Artificial and natural flavours


Do you know why fast and processed food, from french fries, hamburgers, ice cream and chicken fingers to microwave popcorn, flavoured yogurts, baked goods, breakfast cereals, fruit drinks and beer all taste so good? The chemical wizardry behind the artificial and natural flavours added to the processed food adds back the flavour that was taken away during the processing and storing of the foods. The long list of chemicals that make up the flavours is hidden behind the words “artificial” or “natural” flavours. As long as the chemicals are on the GRAS list (Generally Regarded As Safe), the FDA does not require the ingredients of the additives to be listed. The items on the GRAS list have not necessarily been tested for their safety – the only way to get something removed is through proof of harm. (That said, one would think that there would be enough evidence of harm to have aspartame removed from the GRAS list, but it is still there.)  Vegetarians are unsuccessfully demanding to know whether or not a flavouring or colouring in a food is from an animal source.  Appropriate labels would also assist people in avoiding allergic reactions.  Frequently the same colours (like titanium dioxide) used in foods are also used in cosmetics and in oil and house paints.

Our sense of taste is actually quite crude – we can only discern sweet, salty, sour, bitter, and astringent tastes, whereas our sense of smell is extremely sensitive, and is believed to be responsible for up to 90 percent of the flavour we taste. When we chew our food, volatile gases are released which we smell.  Complex combinations of volatile compounds make up the tastes in the foods, with one compound being the dominant one, and others rounding out the flavour desired. If you want something to taste like marshmallows, you add ethyl-3-hydroxybutanoate for example.  The number of chemicals that make up the typical artificial strawberry flavour in a strawberry milkshake is about 50, yet all those ingredients will be hidden under the term "artificial flavour". If we don’t really know if singly these chemicals are safe, how can we be assured that combinations of them are safe?

The idea that “natural flavours” are any healthier than “artificial flavours” is probably stretching the truth a bit, even though something designated as “natural” must come entirely from an herb, spice, vegetable, fruit, meat etc. Whether the chemical ethyl-2-methyl butyrate that provides the flavour of apples is separated out of an apple in a chemistry lab using a chemical process, or is created artificially through a different chemical process, the final product is the same, but one can be labeled “natural” and the other is labeled “artificial”. These natural flavours cannot by any stretch of the imagination be considered “natural”, and they are certainly not healthier nor more pure than the synthetic flavour despite their higher price. And whether “natural” or “artificial” they are made in the same chemical plants. “Flavourists” are the scientists that design the flavours in our foods by mixing these chemical concoctions.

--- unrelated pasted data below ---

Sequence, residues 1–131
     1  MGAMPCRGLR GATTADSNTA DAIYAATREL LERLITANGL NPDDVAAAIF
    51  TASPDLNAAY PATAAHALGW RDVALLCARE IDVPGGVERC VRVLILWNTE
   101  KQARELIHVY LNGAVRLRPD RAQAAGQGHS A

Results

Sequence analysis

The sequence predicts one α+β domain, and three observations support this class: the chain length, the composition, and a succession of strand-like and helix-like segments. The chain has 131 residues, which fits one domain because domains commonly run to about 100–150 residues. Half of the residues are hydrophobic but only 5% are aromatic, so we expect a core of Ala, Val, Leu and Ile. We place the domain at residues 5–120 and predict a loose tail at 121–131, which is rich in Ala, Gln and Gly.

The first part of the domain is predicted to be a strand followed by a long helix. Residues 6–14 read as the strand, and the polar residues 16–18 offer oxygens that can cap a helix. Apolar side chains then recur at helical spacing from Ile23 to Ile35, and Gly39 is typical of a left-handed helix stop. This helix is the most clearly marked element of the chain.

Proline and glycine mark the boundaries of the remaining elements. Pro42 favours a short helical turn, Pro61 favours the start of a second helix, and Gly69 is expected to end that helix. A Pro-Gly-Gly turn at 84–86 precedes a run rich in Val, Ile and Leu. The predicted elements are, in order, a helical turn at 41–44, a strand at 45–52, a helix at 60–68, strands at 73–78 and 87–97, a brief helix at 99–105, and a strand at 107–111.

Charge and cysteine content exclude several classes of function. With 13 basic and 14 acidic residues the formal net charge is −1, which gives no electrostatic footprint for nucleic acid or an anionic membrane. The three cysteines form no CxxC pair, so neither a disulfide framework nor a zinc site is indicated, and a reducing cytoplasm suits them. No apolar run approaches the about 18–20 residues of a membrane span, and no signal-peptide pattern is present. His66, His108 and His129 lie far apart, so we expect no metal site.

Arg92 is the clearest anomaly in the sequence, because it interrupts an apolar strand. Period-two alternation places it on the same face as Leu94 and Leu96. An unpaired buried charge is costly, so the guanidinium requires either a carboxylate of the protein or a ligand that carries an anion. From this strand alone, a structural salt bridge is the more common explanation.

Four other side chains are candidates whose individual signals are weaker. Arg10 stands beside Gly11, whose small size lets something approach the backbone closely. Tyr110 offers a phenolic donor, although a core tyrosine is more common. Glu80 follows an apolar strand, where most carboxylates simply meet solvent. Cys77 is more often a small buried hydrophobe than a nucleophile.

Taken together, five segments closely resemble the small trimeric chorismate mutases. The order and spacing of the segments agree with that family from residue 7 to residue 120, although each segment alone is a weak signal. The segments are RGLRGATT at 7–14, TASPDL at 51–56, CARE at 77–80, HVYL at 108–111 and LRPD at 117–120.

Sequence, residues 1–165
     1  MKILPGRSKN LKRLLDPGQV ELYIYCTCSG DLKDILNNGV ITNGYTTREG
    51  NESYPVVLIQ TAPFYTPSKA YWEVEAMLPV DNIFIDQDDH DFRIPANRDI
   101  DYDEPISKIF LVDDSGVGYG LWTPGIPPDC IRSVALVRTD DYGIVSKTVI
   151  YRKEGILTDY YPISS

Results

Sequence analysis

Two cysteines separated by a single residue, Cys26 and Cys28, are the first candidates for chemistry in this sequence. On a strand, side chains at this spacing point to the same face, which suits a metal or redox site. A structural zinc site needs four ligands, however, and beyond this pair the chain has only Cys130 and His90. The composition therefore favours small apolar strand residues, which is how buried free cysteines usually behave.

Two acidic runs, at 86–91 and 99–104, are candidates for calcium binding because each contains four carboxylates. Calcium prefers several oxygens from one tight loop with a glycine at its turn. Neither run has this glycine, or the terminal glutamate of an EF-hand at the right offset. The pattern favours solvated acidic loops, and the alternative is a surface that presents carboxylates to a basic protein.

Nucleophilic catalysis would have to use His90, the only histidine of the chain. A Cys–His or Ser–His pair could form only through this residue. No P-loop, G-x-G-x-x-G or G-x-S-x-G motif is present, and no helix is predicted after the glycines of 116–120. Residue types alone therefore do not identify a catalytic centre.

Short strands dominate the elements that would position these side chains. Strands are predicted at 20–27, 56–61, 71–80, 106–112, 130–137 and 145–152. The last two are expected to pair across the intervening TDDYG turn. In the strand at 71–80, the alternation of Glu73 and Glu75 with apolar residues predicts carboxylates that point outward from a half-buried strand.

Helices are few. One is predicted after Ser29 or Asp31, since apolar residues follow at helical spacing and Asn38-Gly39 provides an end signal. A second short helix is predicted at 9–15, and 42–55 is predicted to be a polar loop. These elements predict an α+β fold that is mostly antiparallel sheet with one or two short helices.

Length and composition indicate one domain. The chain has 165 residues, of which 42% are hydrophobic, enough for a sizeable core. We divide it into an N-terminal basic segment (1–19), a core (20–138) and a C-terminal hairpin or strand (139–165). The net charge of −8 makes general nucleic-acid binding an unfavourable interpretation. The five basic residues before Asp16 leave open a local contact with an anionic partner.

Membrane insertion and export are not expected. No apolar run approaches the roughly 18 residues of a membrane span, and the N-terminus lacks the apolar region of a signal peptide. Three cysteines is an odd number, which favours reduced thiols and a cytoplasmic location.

These food technologists also consider eye appeal, mouth-feel, textures, crunchiness, gumminess, spreadability, softness, juiciness etc. when adding chemicals to the food, as these properties are vital to the success of the product being marketed.  Their work gets no mention by the processed food companies that rely on them for the commercial success of their food.  When McDonalds was forced to switch from beef tallow to vegetable oil in order to cook their fries, they had a problem, as the beef tallow was key to the special McDonald’s french fry taste. So flavourists blended the appropriate chemicals to give that same taste to the fries. it would be wrong to think that the flavour of the fries is actually due to what happens in the kitchens of McDonalds!  (Or that the flavour of any fast food is due to the kitchen it was prepared in!) These flavours were concocted, put into the food, and shipped out to their clients by huge, secretive, chemical plants such as International Flavors & Fragrances, Givaudan, Haarmann & Reimer, Elan Chemical, Flavor Dynamics and Frutarom, many along the eastern seaboard of the States.

This information comes from the fascinating book, Fast Food Nation, by Eric Schlosser, about how fast food has entirely changed how we farm, how we live, and how we eat. Do read it – it will motivate you to stop eating fast food!  I want to close with a quote from his book, where Eric Schlosser is sampling various artificial flavours. “Before placing the strips of paper before my nose, I closed my eyes. Then I inhaled deeply, and one food after another was conjured from the glass bottles. I smelled fresh cherries, black olives, sauteed onions, and shrimp. Grainer’s most remarkable creation took me by surprise. After closing my eyes, I suddenly smelled a grilled hamburger. The aroma was uncanny, almost miraculous. It smelled like someone in the room was flipping burgers on a hot grill. But when I opened my eyes, there was just a narrow strip of white paper and a smiling flavorist.”

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Schosser, Eric Fast Food Nation Harper Perennial, New York NY, 2001

Copyright 2007 Vreni Gurd

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